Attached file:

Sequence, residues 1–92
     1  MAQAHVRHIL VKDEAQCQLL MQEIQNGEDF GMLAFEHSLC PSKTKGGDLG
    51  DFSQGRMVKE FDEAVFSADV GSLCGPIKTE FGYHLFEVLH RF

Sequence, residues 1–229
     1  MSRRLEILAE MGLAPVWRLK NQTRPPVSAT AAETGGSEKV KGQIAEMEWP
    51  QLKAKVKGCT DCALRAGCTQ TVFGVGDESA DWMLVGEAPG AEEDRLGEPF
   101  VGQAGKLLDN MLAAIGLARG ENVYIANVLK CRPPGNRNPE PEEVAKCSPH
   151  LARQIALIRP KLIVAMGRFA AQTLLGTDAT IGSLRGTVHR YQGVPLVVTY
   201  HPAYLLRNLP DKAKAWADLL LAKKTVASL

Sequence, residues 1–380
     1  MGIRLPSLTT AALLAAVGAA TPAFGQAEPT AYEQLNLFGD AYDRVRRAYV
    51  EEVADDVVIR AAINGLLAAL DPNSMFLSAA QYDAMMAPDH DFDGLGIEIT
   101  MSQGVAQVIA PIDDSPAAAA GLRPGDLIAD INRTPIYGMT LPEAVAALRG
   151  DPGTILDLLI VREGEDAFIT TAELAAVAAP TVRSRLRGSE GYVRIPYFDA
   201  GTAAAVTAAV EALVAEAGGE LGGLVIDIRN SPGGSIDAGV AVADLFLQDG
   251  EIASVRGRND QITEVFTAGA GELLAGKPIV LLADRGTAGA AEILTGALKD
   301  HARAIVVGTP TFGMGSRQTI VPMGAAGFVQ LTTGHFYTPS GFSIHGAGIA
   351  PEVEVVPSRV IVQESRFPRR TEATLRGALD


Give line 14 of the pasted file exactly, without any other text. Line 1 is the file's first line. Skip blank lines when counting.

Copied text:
   151  DPGTILDLLI VREGEDAFIT TAELAAVAAP TVRSRLRGSE GYVRIPYFDA